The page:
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Workers drop pieces of border wall into place in New Mexico. Photo: Jordyn Rozensky, Justin Hamel/The Washington Post via Getty Images

A group of 91 Democratic lawmakers is calling on the Trump administration to halt border wall construction during the coronavirus pandemic.

Driving the news: The lawmakers, led by Rep. Henry Cuellar (D-Tex.) and Sen. Martin Heinrich (D-N.M.), are making their case in letters being sent today to agency heads at the Departments of Homeland Security (DHS), Justice and Defense.

The big picture: COVID-19 has appeared in immigrant detention centers, denied entry to thousands of migrants, delayed immigrant hearings and reportedly infected nearly 900 DHS employees.

Details: A total of 66 House members and 25 senators signed the letters — including Senate Minority Leader Chuck Schumer, six former presidential candidates in the Senate, House Democratic Caucus Chair Hakeem Jeffries, House Judiciary Chair Jerrold Nadler and three members of "the squad."

  • Signatures include those of several Democrats representing border districts: Reps. Cuellar, Ann Kirkpatrick, Veronica Escobar, and Vicente Gonzalez.
  • Several immigrants rights organizations also endorsed the letters.

What they're saying: Wall construction "defies" CDC social distancing and quarantine policies while money being used on the "ineffective and wasteful border wall" should be invested in fighting the virus, lawmakers wrote.

  • "It's insulting that in the middle of this emergency, instead of having the focus on making sure we got supplies, making sure that we're beating all of this, they're still going with this wall — this campaign promise from the president," Cuellar told Axios.
  • "The last thing we need is to put workers and the surrounding communities at risk when they already lack the health care infrastructure to handle this public health crisis," Heinrich told Axios in a statement.

By the numbers: The Trump administration has allocated $1.375 billion to build roughly 69 miles of border wall in fiscal year 2020, according to CBP's latest border wall data.

  • Since January 2017, the administration has built 158 miles of border wall, mostly replacing dilapidated or outdated barriers with taller, more effective fencing.

Read the letter here.

Go deeper

Scoop: Gina Haspel threatened to resign over plan to install Kash Patel as CIA deputy

CIA Director Gina Haspel. Photo: Win McNamee/Getty Images

CIA Director Gina Haspel threatened to resign in early December after President Trump cooked up a hasty plan to install loyalist Kash Patel, a former aide to Rep. Devin Nunes (R-Calif.), as her deputy, according to three senior administration officials with direct knowledge of the matter.

Why it matters: The revelation stunned national security officials and almost blew up the leadership of the world's most powerful spy agency. Only a series of coincidences — and last minute interventions from Vice President Mike Pence and White House counsel Pat Cipollone — stopped it.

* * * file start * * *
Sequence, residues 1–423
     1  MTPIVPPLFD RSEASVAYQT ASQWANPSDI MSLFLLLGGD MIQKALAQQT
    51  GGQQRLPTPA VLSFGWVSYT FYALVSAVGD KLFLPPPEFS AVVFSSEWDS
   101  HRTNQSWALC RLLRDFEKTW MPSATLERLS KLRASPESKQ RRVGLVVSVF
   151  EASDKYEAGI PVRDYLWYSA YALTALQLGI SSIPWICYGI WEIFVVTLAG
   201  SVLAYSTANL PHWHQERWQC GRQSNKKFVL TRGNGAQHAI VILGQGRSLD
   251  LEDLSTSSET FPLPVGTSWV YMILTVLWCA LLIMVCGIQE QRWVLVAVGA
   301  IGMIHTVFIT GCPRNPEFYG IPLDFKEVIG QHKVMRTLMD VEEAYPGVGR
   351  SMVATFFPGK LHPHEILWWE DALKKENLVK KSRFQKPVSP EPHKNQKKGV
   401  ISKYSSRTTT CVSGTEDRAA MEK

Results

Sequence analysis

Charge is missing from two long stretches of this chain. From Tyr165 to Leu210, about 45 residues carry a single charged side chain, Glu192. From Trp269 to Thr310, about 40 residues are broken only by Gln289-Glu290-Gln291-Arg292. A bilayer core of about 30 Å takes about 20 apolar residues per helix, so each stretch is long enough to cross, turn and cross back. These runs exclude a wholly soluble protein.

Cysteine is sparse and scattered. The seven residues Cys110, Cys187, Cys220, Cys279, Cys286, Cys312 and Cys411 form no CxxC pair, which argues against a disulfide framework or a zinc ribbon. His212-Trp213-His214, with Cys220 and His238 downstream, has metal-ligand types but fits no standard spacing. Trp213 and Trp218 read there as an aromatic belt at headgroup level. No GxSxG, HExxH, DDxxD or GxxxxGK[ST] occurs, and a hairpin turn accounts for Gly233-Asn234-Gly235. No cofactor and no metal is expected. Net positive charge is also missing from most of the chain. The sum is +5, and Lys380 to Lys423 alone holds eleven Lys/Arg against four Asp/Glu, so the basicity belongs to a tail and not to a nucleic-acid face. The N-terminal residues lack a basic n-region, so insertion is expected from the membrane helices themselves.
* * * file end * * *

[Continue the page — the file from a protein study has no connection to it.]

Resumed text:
Updated 10 hours ago - Politics & Policy

Coronavirus dashboard

Illustration: Sarah Grillo/Axios

  1. Health: Coronavirus deaths reach 4,000 per day as hospitals remain in crisis mode — CDC warns highly transmissible coronavirus variant could become dominant in U.S. in March.
  2. Politics: Biden says, "We will manage the hell out of" vaccine distribution — Biden taps ex-FDA chief to lead Operation Warp Speed amid rollout of COVID plan — Widow of GOP congressman-elect who died of COVID-19 will run to fill his seat.
  3. Vaccine: Battling Black mistrust of the vaccines"Pharmacy deserts" could become vaccine deserts — Instacart to give $25 to shoppers who get vaccine.
  4. Economy: Unemployment filings explode againFed chair: No interest rate hike coming any time soon —  Inflation rose more than expected in December.
  5. World: WHO team arrives in China to investigate pandemic origins.

John Weaver, Lincoln Project co-founder, acknowledges “inappropriate” messages

John Weaver aboard John McCain's campaign plane in February 2000. Photo: Robert Schmidt/AFP via Getty Images)

John Weaver, a veteran Republican operative who co-founded the Lincoln Project, declared in a statement to Axios on Friday that he sent “inappropriate,” sexually charged messages to multiple men.

  • “To the men I made uncomfortable through my messages that I viewed as consensual mutual conversations at the time: I am truly sorry. They were inappropriate and it was because of my failings that this discomfort was brought on you,” Weaver said.
  • “The truth is that I'm gay,” he added. “And that I have a wife and two kids who I love. My inability to reconcile those two truths has led to this agonizing place.”

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